• May 27, 2017

The manifestation of a obviously well planned and resourced suicide bomber attack in Britain has raised concerns in Ireland that police there are not sufficiently prepared to meet what has been a threat hitherto mainly confined to the Middle East.
Ireland has always had Garda – armed – Emergency Response Units (ERUs) and since last year Dublin and Dublin Port have had additional Armed Support Units (ASUs).
Meanwhile ‘Senior Garda officers with decades of experience in fighting terrorism say the force is aware and prepared for “a constant battle and vigilance” in the face of international risks’.
However the new threats posed are very different from the scenarios previously faced and the Garda Representatives Association (GRA) has not held back from criticism revealing:
‘That as few as three armed Garda members were on duty at any one time at Dublin airport’.
The figures which have not been challenged seem an extraordinarily pauce figure for an Airport which is a major International and Regional hub.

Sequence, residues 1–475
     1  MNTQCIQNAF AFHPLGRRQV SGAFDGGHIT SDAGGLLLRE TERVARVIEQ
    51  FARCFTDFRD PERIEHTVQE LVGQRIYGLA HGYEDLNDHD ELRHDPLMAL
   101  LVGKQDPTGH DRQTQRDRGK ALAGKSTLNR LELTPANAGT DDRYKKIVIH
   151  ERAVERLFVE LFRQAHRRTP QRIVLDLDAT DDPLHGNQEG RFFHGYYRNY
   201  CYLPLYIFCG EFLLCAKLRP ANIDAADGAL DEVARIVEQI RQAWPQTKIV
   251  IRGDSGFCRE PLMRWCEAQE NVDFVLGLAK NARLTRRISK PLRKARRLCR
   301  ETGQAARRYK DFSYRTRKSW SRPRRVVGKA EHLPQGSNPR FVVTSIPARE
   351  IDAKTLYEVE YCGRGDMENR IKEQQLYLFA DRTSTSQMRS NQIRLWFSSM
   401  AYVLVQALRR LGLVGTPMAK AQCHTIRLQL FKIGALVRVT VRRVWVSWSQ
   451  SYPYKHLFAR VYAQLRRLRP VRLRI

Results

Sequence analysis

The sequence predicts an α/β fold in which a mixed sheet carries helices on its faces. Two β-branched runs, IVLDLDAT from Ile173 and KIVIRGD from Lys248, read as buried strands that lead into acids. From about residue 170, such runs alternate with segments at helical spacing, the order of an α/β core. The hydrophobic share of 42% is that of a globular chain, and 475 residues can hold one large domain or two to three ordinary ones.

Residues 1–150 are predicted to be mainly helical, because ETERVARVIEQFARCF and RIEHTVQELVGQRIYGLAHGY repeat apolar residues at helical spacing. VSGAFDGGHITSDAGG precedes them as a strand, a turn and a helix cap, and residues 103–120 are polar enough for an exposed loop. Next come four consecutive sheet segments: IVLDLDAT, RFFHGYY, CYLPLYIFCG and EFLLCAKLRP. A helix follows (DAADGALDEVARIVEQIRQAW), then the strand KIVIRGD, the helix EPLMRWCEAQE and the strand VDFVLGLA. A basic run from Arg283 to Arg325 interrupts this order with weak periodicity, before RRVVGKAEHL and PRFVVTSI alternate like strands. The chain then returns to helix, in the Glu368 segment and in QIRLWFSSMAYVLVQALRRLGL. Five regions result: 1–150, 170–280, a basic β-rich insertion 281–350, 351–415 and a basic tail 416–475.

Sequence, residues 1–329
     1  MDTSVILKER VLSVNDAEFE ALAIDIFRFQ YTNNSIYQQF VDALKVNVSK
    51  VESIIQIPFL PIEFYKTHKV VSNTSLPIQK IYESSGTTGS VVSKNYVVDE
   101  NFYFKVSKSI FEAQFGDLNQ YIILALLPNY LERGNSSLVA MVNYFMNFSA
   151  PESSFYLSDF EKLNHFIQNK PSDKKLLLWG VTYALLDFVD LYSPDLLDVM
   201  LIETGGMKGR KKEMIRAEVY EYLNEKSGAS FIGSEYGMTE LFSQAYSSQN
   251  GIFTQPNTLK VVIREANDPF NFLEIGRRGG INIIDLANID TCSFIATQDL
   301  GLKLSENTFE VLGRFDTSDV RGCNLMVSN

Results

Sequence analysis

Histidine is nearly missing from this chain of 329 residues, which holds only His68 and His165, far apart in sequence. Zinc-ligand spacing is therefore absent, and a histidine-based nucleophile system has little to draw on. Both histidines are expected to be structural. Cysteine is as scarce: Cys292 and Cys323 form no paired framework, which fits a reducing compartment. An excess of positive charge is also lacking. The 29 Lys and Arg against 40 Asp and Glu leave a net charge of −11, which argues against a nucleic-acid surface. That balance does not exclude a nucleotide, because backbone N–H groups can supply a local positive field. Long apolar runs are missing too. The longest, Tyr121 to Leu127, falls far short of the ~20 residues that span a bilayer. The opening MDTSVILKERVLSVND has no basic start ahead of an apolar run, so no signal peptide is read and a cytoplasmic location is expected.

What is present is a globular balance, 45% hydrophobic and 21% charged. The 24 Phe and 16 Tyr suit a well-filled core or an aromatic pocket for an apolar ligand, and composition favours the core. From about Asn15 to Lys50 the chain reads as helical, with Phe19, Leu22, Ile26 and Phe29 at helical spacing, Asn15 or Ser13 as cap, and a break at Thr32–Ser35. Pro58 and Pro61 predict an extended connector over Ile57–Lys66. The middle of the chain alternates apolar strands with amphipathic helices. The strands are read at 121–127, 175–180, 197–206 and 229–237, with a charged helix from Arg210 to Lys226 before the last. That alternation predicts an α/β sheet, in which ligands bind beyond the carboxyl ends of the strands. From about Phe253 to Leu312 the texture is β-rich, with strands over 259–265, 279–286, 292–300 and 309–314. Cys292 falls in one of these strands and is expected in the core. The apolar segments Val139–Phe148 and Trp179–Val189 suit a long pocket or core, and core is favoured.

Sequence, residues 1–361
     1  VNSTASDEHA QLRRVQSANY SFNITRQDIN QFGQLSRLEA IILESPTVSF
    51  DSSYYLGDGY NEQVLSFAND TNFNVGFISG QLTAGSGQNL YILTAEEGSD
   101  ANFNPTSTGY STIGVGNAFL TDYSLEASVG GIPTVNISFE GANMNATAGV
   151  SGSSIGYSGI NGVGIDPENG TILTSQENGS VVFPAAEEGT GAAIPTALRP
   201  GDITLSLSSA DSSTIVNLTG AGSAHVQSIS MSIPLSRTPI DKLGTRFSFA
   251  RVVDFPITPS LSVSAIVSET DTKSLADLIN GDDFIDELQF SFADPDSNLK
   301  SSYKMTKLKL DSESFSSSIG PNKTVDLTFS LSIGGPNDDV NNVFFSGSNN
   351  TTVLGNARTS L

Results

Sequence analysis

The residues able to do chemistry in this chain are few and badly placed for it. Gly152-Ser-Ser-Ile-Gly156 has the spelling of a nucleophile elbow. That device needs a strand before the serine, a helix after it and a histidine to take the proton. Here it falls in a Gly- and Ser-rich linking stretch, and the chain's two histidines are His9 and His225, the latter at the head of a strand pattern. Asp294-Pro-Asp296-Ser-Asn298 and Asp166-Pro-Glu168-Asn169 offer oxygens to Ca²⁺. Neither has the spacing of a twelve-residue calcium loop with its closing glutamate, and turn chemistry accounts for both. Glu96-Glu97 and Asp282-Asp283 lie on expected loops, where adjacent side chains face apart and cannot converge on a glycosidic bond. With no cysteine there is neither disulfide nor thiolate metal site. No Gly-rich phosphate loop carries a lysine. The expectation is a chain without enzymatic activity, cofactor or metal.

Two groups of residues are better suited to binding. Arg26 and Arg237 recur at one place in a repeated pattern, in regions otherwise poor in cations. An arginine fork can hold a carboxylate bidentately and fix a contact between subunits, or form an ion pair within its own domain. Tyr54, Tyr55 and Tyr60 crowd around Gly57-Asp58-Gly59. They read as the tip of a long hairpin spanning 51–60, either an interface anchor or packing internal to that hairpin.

The GRA have gone further and ‘last month used the occasion of its annual delegate conference to call for anti-terrorism training for all members of the Garda, not just specialist units’. It said ‘even basic training was needed in directing crowds after any major incident and in sealing off and clearing public areas at times of risk’.
The Garda which (with the exception of specialist units is an unarmed force unlike the PSNI in the North) has a long tradition of operating with the Irish Army. But Irish Defence Forces are themselves extremely stretched carrying out peace-keeping duties in several overseas locations for the UN.
Full Irish Times article at this link:
Image: Emergency Response Unit working with unarmed Gardaí on a checkpoint in Dublin.
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